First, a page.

Paul

          Comment


          • #6
            Re: RO water

            Paul,

            OK, I understand now.

            You were talking about the reading after adding hardener. You see I've never measured that before. We usually add the hardener with the fountain solution and then fill up with RO.

            That's pretty amazing that you still get 40 Micro seimens after a filter change. We get nothing. However we've got a 4-stage filter system which is pretty slow (although 2-3 times quicker than our previous 4 stage filter system).

            Are you perhaps running a 2stage or 3 stage system to get more water in less time? (I'm sure it's working for you)

            Dwane.

            Comment


            • #7
              Re: RO water

              Hey Dwane,


              good to hear from you again, we run a 4 filter system one pre filter which is made up of a woven twine, and three big filters. the pre filtration is cool, giving consistant results but the doser which adds the re-hardner plays up some time giving 75PPMto 120PPM. Found a few issues with the alcolour spring on the link roller today which may cause issues if this cures my problems i wil start an new post notifying people..

              Happy printing

              Paul

              Comment


              • #8
                Re: RO water

                Paul,

                How old is the press? Or specifically how long since the last failure of the spring?

                The reason I ask, is perhaps it's something that could be replaced before it becomes a problem next time. Of course there are many variables to consider and it could have been operator caused. But if it's a recurring thing a preventive maintenance application could remind you to replace it before it fails.

                I'm not sure whether you've seen my recent post [Free Maintenance Scheduling Program|http://printplanet.com/discuss/threa...threadID=1764] but I found this free application that can schedule maintenance from last completed date or ....drum roll..... meter readings.....which could be used as impressions.

                So if you're part fails every 2.5 million impressions, replace at 2 million and perhaps avoid unscheduled maintenance.

                Idealistic?

                Absolutely.

                Waste of time?

                Perhaps.

                Food for thought?

                Defintely!

                Comment


                • #9
                  Re: RO water

                  Hi Dwane,

                  The spring mechanism i speek about hasnt broke, it has a shaft running through the spring with the shoulders to hold the link roller in position, there is a mounting point at its joint with the damping form roller journals and a point on the side frame, this spring has a thread on the one end and you can alter the pretention on the spring, i think this is more by nessecity than design. But the link roller was heavy to the first form and not touching the damping form untill i applied more preasssure. But after a bit of a fiddle and a days production is has made no difference. As for the maintanance software its a good idear but our managers dont understand pro activity there too busy looking a u tube or google to want to try this.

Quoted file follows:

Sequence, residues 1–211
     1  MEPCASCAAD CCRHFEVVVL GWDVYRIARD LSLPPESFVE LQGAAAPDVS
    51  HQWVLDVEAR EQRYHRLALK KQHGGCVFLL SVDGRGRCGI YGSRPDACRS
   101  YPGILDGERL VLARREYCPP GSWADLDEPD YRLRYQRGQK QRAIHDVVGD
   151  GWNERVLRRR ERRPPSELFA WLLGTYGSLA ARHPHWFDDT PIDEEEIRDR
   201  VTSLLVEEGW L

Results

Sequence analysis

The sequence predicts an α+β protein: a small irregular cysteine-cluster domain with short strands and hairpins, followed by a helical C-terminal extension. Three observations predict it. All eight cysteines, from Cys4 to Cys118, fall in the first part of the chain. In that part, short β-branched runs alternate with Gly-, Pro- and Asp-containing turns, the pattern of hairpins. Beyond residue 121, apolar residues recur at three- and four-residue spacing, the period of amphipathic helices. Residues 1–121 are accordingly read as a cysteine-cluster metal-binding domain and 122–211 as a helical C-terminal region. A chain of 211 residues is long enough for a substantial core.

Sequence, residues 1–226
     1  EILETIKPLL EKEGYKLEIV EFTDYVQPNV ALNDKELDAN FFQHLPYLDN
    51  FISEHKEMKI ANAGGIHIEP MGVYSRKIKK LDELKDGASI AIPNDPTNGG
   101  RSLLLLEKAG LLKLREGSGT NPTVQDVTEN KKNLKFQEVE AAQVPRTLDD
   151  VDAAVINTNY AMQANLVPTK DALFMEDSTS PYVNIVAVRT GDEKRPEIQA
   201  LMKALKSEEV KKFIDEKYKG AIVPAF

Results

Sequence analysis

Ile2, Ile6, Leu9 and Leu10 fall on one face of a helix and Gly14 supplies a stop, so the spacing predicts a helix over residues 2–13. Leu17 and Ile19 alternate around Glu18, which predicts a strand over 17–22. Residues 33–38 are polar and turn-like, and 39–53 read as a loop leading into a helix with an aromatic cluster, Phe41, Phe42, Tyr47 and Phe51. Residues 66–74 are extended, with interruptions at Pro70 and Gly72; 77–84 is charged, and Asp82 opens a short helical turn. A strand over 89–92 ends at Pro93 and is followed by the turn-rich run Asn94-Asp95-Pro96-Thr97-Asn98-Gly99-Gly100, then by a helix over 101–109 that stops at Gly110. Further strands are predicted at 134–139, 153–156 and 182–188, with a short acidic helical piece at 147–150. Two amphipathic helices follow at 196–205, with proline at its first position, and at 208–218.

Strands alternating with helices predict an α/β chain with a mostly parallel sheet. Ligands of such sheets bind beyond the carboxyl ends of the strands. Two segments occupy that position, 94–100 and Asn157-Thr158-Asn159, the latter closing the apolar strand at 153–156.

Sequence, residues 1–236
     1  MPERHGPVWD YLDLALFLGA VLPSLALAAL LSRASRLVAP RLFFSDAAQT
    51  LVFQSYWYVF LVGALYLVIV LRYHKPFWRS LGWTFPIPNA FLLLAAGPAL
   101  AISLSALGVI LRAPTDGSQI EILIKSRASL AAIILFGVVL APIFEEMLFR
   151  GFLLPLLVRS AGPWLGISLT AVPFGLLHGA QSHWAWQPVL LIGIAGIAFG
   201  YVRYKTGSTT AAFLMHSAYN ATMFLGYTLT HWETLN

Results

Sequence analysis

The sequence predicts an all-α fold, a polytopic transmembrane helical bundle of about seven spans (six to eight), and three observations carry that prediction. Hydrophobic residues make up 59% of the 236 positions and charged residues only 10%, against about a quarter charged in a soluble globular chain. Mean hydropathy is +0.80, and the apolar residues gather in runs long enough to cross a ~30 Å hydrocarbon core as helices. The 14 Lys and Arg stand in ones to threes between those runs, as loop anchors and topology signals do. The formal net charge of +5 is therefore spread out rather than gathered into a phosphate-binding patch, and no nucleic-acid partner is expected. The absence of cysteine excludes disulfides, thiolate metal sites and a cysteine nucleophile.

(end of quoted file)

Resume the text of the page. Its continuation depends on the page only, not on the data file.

Paul

                  Comment


                  • #10
                    Re: RO water

                    Paul,

                    - But after a bit of a fiddle and a days production is has made no difference.

                    Sorry to hear that.

                    - As for the maintanance software its a good idear but our managers dont understand pro activity there too busy looking a u tube or google to want to try this.

                    Yeah, it's an ever present temptation these days....

                    Comment


                    • #11
                      This is really confusing me... I see hardening agents sold, like CALCIT from bottcher, and SALINOFIX from hostmann, so i feel like i need to reharden my RO water... but i ask my school instructor and he says no need... he says he never heard of it .... water coming out of our RO is 40Ms(micro siemens).
                      is the conductivity that is added by the fountain enough to eliminate corrosion and provide dampening good for printing?

                      Comment


                      • #12
                        Water chemistry basics

                        I found this english text on website Mongabay.com, devoted for aquarists, but informations are equally valid for basic understanding.